The legislation that allows a State Government to sack a council is wide enough to drive a truck through. Essentially the minister can sack a council on a whim. All he/she has to do is hold an “inquiry”, consider the results and then make a decision. This means the minister has the power to sack for any or no reason at all.
We don’t want to start encouraging the State to make these decisions based on purely political considerations.
As a former long time resident of 2204 i was surprised that the Greens had become so cocky that they were now seeking to stride the world stage. Good luck to them – council elections come around regularly enough and the residents can boot them out for hubris if the mood takes them. The state govt should let them make fools of themselves. It would be a different situation if they were crooks but the voters can sort out political delusions of granduer without the help of Bazza.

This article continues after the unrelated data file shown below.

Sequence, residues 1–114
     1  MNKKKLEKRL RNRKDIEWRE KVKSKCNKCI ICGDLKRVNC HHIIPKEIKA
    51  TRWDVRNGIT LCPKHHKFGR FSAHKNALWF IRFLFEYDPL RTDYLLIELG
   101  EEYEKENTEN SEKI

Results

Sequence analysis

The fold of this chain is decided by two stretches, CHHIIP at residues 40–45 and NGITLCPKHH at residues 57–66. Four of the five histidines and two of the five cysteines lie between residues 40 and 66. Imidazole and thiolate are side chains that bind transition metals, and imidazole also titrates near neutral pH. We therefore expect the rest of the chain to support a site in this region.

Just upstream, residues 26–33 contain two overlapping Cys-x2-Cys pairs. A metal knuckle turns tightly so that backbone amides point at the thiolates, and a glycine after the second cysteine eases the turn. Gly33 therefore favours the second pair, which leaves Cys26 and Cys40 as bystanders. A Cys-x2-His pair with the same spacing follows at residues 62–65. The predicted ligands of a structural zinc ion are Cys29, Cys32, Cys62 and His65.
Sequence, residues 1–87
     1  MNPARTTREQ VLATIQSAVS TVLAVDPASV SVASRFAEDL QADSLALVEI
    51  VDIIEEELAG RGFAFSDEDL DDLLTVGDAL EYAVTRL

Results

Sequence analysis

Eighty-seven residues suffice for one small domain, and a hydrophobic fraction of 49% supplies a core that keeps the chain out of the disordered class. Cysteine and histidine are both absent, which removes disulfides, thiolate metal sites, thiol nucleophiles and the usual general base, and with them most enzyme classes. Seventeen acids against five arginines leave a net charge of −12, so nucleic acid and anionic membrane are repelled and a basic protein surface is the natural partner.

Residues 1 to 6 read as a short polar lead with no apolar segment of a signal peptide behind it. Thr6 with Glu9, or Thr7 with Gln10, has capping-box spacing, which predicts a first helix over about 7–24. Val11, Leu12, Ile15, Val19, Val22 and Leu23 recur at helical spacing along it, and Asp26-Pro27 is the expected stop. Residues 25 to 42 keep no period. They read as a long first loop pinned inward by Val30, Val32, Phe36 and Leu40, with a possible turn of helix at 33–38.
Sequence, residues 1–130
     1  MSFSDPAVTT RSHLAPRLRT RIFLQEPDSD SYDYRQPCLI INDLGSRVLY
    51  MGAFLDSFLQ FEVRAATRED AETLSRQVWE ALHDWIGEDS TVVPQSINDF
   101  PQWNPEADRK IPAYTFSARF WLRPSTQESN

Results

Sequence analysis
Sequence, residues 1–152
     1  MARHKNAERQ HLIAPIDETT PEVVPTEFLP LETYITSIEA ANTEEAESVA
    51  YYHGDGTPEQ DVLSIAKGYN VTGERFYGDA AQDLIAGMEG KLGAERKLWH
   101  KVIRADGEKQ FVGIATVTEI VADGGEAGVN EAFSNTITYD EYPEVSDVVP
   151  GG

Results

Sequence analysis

Israel’s greatest fear is realized in the microcosm of Marrickville. Israel’s strong economy is highly interwoven into the western economy. Its almost impossible to truly boycott ALL things related to Israel. But on the other hand, this is exactly what makes the apartheid state so vulnerable. There really is nothing that Israel peddles that cannot be made anywhere else. Israel is not selling uranium, that cannot be had anywhere else like South Africa boasted. Israel sells hi-tech, cosmetics, fruit, even clothes! Even Israel’s diamonds are bought in Africa, and polished in India, then sold from Israel! Israel gets the biggest share of the profit.
Dear Stilgherrain and other Zionists with you, I’m not here to debate, my time is too valuable. So you may reply to me in rebuttal but the reason I’m not going to argue back and forth is due to time restrictions. Not due to you winning this debate. Thanks for listening and thanks for all your attention to this.
Why allow red herrings, such as the unfounded claims of costs to the council?
So many red herrings aiming at diversion from the main issues, no surprise many get lost.